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Re: To capsize or not!
I had the same Neptune 24 in Everett for many years, shoal draft keel and all. During those years I had the occasion to be in some fairly heavy winds including a severe storm which came up suddenly on a clear May afternoon and ultimately cost the life of a crewman aboard a much larger sailboat which was racing around Hat Island. I found that yes, the boat is initially very tender owing to the shoal keel, but then it will harden up at about 30 degrees and simply luffing the main in puffs should be adequate to keep her on her feet. The sail area/displacement ratio is right in there with most cruising sailboats so there's a very wide safety margin built in. As I remember the boat came with a 130 genoa so buying a 100% jib may be the answer to your concerns with a knockdown, however I don't really believe this boat can be knocked down. She has a very strong weather helm and will round-up first.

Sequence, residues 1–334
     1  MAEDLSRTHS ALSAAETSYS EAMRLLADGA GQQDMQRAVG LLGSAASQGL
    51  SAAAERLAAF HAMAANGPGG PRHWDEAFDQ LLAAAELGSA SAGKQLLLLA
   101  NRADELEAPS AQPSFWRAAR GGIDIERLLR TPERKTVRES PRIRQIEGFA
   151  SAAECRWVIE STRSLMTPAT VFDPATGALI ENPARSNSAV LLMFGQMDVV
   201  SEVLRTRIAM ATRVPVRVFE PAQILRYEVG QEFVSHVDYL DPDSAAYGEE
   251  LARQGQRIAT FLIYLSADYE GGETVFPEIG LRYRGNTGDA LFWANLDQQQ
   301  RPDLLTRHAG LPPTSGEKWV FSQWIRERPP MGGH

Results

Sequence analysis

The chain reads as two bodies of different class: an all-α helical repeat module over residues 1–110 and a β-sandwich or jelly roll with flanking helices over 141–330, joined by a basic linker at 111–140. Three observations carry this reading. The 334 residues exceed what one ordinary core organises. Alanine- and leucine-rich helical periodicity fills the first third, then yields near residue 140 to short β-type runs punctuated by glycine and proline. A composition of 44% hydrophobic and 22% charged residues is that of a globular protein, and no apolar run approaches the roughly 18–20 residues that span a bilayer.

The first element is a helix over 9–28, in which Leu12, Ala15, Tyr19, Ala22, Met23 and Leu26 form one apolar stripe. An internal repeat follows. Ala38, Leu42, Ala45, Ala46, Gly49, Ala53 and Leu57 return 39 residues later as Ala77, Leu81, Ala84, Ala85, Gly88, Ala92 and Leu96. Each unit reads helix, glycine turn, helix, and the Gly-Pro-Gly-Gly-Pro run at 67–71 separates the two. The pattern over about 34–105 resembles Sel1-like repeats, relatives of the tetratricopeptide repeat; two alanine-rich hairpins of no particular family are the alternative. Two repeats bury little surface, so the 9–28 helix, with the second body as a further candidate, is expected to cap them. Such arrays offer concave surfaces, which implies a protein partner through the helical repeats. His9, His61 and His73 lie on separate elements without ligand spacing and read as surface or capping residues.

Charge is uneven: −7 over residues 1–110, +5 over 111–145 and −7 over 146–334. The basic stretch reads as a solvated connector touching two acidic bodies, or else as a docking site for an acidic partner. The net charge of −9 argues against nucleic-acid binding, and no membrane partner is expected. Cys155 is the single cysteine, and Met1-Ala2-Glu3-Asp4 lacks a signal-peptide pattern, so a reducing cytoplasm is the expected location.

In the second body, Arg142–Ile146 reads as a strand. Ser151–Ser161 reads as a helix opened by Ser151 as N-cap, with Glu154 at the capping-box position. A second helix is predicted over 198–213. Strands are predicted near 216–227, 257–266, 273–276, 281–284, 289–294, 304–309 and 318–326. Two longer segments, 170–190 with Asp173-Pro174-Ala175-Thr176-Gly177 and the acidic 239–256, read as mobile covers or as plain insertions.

In all honesty I wish I'd purchased the fin keel model as I've heard they're not as tender and also quite a bit faster, albeit my partners thought they wanted to gunk hole in the Juans so having a retractable bilge board sounded good to them. Live and learn.
Ultimately, you have a very solid little cruiser that I can tell you from experience will take a lot of punishment and if tuned correctly, will sail quite well at hull speed. Hope this is a help. John Lewis
Last edited by Johnstratarrow; 01-28-2017 at 07:38 PM.
Reason: Neptune 24, Thunderbird 26, Catalina 22, US 30, Catalina 320